There are so many different directions I can go in. My brain is dealing with infinity. There’s always a way if you’re willing to think a little bit differently and get a little creative. If you’re ever stuck and you feel like you’re hitting a wall over and over again, the best recommendation I can give you is to get support. Support can come in so many forms.

It could come in the form of getting someone to assist you with reaching out to people they get on their playlist, which is one of my very favorite ways to increase the listenership for music. It could be about getting some mentorship to sit and think with you about the different ways that you could make money. I see so many people getting stopped because they think they’re not going to like the option.

They’re like, “I’m going to be stuck being a piano teacher.” Sorry, no offense to anyone that loves being a piano teacher but for some reason, I get people complaining the most about the prospect of having to teach music. It’s like the jail cell for a musician trying to make money. Know that that’s not the only option.

There are so many options that don’t require any compromise of your artistic integrity, that don’t require that you stoop down to doing something you don’t want to do. You can have an exciting, abundant, fulfilled life by being creative and making your art even if you can’t see it or you don’t know the exact how. I promise you, it’s discoverable, doable and possible. It’s about sometimes reaching out and getting the help that you need to see these possibilities.

When everyone asks me this question at the end of a show, “What else would you tell people,” I always talk about community or mentorship because that’s what got me moving forward in my career when I was stuck. I was so stuck in my bubble and circumstances. I couldn’t see outside of that. Getting those outside perspectives and those people that are a little bit ahead of you or way ahead of you that can help open up those horizons to you is the key to moving forward in your career.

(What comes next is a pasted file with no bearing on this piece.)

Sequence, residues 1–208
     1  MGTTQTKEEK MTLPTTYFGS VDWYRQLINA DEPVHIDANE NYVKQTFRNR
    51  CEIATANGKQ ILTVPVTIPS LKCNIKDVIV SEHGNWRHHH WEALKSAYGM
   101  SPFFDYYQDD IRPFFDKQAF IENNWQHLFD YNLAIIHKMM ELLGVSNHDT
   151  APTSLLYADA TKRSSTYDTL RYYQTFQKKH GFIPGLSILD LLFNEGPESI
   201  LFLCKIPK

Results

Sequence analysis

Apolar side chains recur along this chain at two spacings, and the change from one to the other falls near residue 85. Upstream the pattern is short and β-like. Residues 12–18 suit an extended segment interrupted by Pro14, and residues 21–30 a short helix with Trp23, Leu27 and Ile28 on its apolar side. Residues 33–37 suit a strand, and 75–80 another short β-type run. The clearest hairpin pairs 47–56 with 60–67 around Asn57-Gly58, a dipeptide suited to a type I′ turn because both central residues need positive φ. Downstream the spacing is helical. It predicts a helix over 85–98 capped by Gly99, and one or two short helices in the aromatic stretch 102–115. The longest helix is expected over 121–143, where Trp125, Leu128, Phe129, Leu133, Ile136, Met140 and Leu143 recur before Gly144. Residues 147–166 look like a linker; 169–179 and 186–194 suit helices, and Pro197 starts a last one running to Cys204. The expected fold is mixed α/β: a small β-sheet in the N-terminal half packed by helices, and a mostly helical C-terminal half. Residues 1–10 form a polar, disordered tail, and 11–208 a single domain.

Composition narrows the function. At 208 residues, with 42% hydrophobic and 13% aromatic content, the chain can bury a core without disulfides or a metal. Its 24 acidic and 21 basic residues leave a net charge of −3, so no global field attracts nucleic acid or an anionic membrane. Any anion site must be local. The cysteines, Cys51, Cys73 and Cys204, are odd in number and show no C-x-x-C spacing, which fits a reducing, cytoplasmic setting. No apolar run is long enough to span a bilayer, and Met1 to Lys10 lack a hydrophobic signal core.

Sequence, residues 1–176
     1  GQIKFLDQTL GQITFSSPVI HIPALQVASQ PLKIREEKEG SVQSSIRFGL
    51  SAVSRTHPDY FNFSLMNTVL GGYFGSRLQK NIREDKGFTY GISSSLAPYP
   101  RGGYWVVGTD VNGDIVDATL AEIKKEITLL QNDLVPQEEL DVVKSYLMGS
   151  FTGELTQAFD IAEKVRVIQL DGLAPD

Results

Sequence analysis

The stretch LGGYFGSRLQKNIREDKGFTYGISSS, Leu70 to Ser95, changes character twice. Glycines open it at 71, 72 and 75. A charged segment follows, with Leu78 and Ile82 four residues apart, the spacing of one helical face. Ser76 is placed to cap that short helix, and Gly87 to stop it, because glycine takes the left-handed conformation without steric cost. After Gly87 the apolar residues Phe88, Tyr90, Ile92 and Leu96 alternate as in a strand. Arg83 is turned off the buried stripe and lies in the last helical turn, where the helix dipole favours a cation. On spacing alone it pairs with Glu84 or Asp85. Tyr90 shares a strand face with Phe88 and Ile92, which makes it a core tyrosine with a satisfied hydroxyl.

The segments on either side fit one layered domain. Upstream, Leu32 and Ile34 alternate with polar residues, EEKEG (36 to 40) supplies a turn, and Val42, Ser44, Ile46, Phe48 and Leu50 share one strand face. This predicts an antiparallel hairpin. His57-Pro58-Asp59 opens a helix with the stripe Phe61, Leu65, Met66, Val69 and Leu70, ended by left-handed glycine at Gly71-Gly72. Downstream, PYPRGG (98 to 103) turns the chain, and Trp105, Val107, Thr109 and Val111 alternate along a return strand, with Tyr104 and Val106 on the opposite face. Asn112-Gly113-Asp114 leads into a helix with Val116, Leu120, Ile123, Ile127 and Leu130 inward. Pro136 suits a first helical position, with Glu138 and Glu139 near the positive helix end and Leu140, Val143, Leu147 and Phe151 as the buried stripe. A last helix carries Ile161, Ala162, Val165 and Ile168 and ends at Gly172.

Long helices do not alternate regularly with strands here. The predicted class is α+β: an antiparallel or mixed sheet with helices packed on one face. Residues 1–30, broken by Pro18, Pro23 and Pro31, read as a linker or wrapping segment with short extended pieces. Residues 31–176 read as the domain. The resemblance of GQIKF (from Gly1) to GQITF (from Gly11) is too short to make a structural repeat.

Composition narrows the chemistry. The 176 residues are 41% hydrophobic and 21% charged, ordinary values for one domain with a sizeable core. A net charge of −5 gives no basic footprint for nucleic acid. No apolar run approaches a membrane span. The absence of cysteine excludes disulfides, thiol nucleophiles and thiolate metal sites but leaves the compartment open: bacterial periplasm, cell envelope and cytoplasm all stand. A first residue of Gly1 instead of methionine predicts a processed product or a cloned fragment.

If you stay in your tiny little world, you probably will not go very far. You’ll probably be stuck with all those tiny little options that are in the area around you that you can see that you might not like so much. Thank you much. This has been fantastic. I would love to hear a little bit about how you help artists and how other people can connect with you on social media.

TPM 56 | Income Streams For Musicians

Income Streams For Musicians: There are infinite possibilities to generate income using art.


The way that I love to support artists is through some of my online course offerings and coaching. I support artists in understanding how to find their core message and how to be able to write in an articulate, coherent, impactful way. I have courses that allow you to find your core message, courses that allow you to learn how to write, clarify your mission and purpose here.

As well as for the artist who wants to understand how to make money in these creative ways, crowdfund, get wild and wacky with income sources, balance multiple income streams and multiple businesses and get into the nitty-gritty of entrepreneurship and strategy, I offer both group and one-on-one mentorship. You can find more information about this and get in touch with me at or you can find me on Facebook and Instagram and other platforms @TaraDivina.

I love the idea of getting wild and wacky with income streams. Pretty much what this show is all about is opening up the minds of artists to all the ways that they can make income from music. You’re very aligned with what we are doing here with our mission. Thank you so much, Tara. I appreciate your time and expertise.

Thank you so much for having me. It’s been beautiful to spend this time together.


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About Tara Divina

TPM 56 | Income Streams For MusiciansTara Divina is a creative business coach who draws on her experience as a Vice President at the Warner Music Group to offer business coaching for creative entrepreneurs so they can build an organic fan base using authentic self expression, and generate a sustainable income using all of their gifts. She is also a heart healing medicine musician who creates songs to bring our deepest prayers into reality.

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These are NOT the obvious, industry-backed income streams like streaming royalties, album sales, publishing royalties, and concert ticket sales. These are out-of-the-box solutions that will transform a Starving Artist into a Confident Creator who has ENDLESS possibilities from monetizing their music.